If I said it on TV, I did it. I lived my gimmick. – Ric Flair
He was like the Pied Piper to defiant young athletes. – Jim Ross
I may have a different take on the Rory Karpf-directed and much-anticipated Nature Boy 30 for 30, which premieres tonight on ESPN. It’s not about the quality of the product, which is extremely high. This is a terrific documentary. But, if anyone walks away from the 77 minute documentary and wishes they were Ric Flair, I feel sorry for them. My emotions as Flair stated his hopes for how people would remember him was one of sadness for a life OVER lived.
Rory Karpf, director of two of the better 30 for 30 installments, The Book of Manning, and I Hate Christian Laettner, spent many months with and around Ric as he pieced together this exceptional portrait of a flawed man afraid to embrace the real man behind the gimmick. What it says about how fearful Flair was to be isolated from the party is as important as anything it says about how much fun he had sleeping with “ten thousand (women), maybe.”
What Nature Boy isn’t concerned with is a simple retelling of Flair’s iconic career or a puff piece about what a brilliant performer he was. Those things exist, but the overall success of Karpf’s effort is in its willingness not just to show the blemishes, but to accentuate them and even to re-open the necessary wounds to allow Ric a chance for true introspection.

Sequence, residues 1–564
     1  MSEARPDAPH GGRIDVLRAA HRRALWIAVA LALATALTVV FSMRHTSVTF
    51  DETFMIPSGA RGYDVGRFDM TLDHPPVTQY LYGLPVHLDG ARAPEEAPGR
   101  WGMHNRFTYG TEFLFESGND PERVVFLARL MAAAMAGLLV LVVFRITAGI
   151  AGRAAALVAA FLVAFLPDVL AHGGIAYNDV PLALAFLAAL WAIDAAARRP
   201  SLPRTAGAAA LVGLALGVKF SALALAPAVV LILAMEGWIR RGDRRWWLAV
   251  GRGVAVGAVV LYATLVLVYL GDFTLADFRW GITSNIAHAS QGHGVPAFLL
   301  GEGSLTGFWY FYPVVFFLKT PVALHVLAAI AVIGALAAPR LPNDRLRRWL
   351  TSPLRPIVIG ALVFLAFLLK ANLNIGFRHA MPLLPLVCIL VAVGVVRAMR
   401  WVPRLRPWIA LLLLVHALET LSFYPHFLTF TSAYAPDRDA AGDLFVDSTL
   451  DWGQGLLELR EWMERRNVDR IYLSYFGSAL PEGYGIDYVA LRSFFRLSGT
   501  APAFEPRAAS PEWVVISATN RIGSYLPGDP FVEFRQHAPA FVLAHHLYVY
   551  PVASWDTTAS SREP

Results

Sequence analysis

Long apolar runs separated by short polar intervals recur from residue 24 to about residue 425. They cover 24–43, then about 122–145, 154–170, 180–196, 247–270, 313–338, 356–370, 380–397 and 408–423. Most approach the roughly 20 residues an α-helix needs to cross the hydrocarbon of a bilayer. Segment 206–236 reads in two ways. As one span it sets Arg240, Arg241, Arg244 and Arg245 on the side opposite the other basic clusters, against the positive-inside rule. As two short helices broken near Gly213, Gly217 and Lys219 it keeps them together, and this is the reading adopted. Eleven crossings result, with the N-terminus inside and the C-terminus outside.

As Flair talks about being an entirely absent father and a man that wasn’t just unhappy, but was “miserable” even thinking about monogamy, it’s so difficult not to shake your head at the thoughts that must have tortured him on a daily basis. He also clearly believes he let his adoptive parents down, although he seems disappointed that they never understood or embraced his pro wrestling lifestyle. His father only saw him wrestle three times, something he says seriously and not without a hint of unhappiness.